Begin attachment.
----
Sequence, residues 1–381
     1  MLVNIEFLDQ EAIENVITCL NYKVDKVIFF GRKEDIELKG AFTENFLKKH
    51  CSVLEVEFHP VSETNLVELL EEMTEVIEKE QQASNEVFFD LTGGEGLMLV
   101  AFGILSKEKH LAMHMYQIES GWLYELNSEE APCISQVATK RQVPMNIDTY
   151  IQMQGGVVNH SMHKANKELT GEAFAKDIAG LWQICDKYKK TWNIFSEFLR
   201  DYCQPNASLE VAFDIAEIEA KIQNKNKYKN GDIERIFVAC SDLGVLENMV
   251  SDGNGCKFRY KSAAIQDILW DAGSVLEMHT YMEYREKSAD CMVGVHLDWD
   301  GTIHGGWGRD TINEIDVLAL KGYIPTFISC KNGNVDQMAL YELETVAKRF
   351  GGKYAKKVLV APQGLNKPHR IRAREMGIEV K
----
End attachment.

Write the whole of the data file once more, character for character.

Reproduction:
Sequence, residues 1–381
     1  MLVNIEFLDQ EAIENVITCL NYKVDKVIFF GRKEDIELKG AFTENFLKKH
    51  CSVLEVEFHP VSETNLVELL EEMTEVIEKE QQASNEVFFD LTGGEGLMLV
   101  AFGILSKEKH LAMHMYQIES GWLYELNSEE APCISQVATK RQVPMNIDTY
   151  IQMQGGVVNH SMHKANKELT GEAFAKDIAG LWQICDKYKK TWNIFSEFLR
   201  DYCQPNASLE VAFDIAEIEA KIQNKNKYKN GDIERIFVAC SDLGVLENMV
   251  SDGNGCKFRY KSAAIQDILW DAGSVLEMHT YMEYREKSAD CMVGVHLDWD
   301  GTIHGGWGRD TINEIDVLAL KGYIPTFISC KNGNVDQMAL YELETVAKRF
   351  GGKYAKKVLV APQGLNKPHR IRAREMGIEV K